There is no easy solution to the North Korea problem, but to begin to solve it, we must realize that its behavior is aggressive, not provocative, and that its aggression is ideologically built in. Pyongyang is thus virtually predestined to push Seoul and Washington too far, thereby bringing about its own ruin.

This analysis is tidy, pleasingly well-written and viable. It is also useful, for if we are to negotiate with Pyongyang, we ought to do so with our eyes open, which means doing so while well aware that we cannot bring them to actually change, denuclearize or feed their people.

That said, there are three caveats that need to be noted; one is a point of order, that North Korea's militaristic brutality did not come into being with the Military-first policy in the late 90s, which the above quote would appear to imply, the second is that Pyongyang is not completely "predestined" to bring about its own ruin through a spiral of attacks, though it may very well achieve exactly that, and the third is that there really is no difference between regime legitimization and the elevation of Kim Jong Eun.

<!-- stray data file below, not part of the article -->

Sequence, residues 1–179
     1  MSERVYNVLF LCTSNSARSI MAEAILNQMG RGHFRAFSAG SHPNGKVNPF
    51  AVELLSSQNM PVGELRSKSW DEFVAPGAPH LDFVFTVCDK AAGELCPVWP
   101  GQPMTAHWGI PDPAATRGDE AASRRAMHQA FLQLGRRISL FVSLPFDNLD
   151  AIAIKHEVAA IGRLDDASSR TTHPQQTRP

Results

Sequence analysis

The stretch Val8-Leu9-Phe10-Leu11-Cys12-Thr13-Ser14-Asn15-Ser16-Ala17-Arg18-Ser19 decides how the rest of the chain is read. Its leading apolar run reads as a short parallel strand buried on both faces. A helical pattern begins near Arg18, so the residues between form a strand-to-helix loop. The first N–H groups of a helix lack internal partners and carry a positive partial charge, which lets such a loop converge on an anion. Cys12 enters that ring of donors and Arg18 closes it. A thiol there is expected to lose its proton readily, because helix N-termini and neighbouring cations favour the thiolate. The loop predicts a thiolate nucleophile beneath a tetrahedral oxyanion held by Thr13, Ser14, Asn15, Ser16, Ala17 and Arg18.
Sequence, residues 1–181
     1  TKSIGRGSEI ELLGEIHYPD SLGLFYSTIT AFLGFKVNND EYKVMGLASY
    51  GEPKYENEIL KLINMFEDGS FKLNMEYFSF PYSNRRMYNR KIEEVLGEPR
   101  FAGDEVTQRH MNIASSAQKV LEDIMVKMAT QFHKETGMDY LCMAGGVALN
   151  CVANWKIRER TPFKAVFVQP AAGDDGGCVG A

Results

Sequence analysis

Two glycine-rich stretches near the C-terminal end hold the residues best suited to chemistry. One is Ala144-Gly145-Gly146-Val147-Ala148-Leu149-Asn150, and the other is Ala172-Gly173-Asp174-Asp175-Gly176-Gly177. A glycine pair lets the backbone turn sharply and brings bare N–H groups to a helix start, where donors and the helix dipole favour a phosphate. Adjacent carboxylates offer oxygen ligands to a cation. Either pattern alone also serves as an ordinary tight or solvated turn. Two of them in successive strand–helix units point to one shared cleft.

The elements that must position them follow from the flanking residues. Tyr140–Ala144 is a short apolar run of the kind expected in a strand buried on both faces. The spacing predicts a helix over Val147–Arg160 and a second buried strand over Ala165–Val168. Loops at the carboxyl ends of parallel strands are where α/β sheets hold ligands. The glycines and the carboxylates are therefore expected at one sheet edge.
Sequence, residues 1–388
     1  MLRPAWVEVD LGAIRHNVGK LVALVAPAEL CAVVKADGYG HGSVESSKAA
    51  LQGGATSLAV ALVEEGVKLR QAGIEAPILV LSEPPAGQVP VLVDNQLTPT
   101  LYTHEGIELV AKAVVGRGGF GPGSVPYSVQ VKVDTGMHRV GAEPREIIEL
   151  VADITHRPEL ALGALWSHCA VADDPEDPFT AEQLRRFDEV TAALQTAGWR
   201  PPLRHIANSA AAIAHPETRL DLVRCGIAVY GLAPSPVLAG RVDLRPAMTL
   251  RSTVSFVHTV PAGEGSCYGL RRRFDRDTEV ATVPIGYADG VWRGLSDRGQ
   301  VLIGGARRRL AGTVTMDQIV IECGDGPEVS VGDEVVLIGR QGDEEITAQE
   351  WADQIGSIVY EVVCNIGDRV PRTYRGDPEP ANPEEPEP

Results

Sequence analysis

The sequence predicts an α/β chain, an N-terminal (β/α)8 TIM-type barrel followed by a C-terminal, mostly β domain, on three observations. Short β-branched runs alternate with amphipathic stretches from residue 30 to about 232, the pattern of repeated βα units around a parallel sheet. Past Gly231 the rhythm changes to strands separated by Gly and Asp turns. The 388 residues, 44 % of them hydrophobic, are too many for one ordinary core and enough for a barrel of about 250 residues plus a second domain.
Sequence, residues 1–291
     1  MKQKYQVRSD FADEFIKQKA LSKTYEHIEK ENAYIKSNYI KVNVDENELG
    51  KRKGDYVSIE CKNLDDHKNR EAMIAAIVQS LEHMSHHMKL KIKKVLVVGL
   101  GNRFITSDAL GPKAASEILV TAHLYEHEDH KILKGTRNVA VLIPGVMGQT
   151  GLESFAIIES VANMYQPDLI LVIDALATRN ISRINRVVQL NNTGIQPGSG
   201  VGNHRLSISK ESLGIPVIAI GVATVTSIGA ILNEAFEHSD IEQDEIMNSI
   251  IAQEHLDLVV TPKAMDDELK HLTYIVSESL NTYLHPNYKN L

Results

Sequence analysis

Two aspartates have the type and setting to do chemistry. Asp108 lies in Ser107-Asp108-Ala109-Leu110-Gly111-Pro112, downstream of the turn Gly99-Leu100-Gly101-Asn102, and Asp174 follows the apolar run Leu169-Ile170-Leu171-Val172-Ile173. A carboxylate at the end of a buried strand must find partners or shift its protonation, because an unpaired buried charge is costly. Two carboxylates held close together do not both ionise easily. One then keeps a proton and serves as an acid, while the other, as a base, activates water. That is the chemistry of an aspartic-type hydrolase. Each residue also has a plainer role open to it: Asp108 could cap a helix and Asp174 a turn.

What I am saying is that in the pursuit of a pleasant, nay perhaps even quotable, turn of phrase, Myers may have distorted things slightly.

On the first point, Google is your friend. The list of North Korean provocations is long and creatively varied.

On the second, I assert that if there is one thing more important to North Korea than state ideology, it is regime survival. As Myers himself points out, Kim Jong Il has no reason whatsoever to believe that South Korea will retaliate to his attacks, and he is probably also certain that in the unlikely event that retaliation does come it will not be of the regime-ending variety, so he is content to continue down the provocations/attacks path.